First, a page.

YouTube celebrity PewDiePie has defended himself against allegations of anti-Semitism after getting dropped by Disney.
In a video uploaded to his personal YouTube channel, PewDiePie - real name Felix Kjellberg - apologised for making "offensive" anti-Semitic jokes but blamed the media for "taking it out of context".
The 27-year-old Swede condemned the Wall Street Journal's report that he posted nine videos containing Nazi imagery in the last six months.
"They don't call it jokes. They call it posts," Kjellberg said.
"I made a point that the media takes what I say out of context. They take that and put it out of context to use against me to portray me as a Nazi."
PewDiePie saw Disney and YouTube cut business ties with his website, after labelling some of his videos "inappropriate".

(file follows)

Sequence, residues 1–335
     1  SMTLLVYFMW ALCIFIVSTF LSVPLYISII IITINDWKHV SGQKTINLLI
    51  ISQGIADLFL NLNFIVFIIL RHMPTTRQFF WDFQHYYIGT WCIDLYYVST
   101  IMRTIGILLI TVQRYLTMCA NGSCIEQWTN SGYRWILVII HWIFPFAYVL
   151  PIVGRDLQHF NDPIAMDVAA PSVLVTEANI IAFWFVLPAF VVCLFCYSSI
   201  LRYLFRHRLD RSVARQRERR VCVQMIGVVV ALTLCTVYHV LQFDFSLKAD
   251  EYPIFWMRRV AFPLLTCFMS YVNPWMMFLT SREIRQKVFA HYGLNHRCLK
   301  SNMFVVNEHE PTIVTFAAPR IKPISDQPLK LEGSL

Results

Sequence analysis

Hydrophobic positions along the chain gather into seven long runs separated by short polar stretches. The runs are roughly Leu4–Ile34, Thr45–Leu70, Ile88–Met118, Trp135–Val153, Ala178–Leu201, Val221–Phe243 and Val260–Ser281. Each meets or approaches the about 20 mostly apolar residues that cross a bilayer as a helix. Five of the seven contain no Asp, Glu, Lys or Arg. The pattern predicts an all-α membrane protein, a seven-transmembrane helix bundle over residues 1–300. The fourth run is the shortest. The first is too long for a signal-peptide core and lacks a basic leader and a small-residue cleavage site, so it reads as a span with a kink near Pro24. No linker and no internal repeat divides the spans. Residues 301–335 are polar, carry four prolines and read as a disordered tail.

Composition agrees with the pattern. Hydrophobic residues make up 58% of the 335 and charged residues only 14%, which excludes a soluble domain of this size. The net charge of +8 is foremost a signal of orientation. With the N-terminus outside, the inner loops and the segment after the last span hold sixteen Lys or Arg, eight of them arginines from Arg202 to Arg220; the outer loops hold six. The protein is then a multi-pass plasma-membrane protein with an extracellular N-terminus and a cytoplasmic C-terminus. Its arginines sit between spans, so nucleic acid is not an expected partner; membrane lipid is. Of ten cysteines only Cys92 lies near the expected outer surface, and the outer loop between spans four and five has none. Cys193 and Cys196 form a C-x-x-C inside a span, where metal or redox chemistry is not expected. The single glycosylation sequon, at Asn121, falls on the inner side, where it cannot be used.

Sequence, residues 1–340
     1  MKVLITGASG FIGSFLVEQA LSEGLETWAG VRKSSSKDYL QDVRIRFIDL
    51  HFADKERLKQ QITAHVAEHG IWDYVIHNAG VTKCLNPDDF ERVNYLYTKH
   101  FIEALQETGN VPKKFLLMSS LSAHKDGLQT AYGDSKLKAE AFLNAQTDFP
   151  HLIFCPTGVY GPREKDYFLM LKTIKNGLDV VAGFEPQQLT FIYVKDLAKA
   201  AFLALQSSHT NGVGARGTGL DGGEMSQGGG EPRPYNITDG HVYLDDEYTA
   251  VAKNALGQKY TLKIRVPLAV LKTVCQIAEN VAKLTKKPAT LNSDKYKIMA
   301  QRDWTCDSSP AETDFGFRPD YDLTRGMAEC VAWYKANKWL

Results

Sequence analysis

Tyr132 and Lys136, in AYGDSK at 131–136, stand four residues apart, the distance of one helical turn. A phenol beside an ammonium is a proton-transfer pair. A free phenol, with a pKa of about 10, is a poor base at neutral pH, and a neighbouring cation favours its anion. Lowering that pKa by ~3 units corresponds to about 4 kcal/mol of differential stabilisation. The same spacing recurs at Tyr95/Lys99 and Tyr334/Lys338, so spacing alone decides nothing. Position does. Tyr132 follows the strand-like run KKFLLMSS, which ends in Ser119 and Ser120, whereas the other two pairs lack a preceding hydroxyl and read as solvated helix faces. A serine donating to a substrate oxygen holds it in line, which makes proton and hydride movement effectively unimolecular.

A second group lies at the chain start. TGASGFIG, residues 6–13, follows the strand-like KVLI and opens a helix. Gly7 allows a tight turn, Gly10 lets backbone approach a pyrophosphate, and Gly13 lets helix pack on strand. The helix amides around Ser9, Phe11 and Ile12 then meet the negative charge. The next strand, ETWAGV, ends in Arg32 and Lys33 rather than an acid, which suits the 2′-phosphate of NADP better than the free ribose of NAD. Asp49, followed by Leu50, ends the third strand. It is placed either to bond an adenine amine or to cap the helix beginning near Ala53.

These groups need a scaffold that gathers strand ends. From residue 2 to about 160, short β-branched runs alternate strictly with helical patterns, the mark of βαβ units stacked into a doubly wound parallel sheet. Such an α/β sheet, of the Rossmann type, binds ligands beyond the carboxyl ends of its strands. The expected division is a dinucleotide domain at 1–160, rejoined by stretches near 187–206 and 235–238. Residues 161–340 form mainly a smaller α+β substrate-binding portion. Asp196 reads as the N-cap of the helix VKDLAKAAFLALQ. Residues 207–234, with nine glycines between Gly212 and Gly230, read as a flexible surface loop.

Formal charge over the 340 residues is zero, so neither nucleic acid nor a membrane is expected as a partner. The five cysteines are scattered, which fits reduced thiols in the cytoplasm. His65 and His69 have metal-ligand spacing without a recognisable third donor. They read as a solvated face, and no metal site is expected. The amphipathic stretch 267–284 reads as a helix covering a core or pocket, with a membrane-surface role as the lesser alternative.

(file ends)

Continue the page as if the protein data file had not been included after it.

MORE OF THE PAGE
In one of the videos - since then deleted from YouTube - the celebrity paid two Indian men to hold a sign reading "Death to all Jews".
He said he made the film to prove a point about the "crazy" modern world, "specifically some of the services available online".
"I picked something that seemed absurd to me - that people would say anything for five dollars."
Other controversial videos include a Hitler salute, a Nazi party anthem and a man dressed as Jesus saying "Hitler did nothing wrong".
"I do strongly believe that you can joke about anything," he said on his apology.
"But I also believe that there's a right way and not the best way to joke about things. I love to push boundaries, but I would consider myself a rookie comedian and I've definitely made mistakes like this before."
The YouTube celebrity claims the "mainstream media" is plotting an "attack" on him to "decrease my influence and economic growth".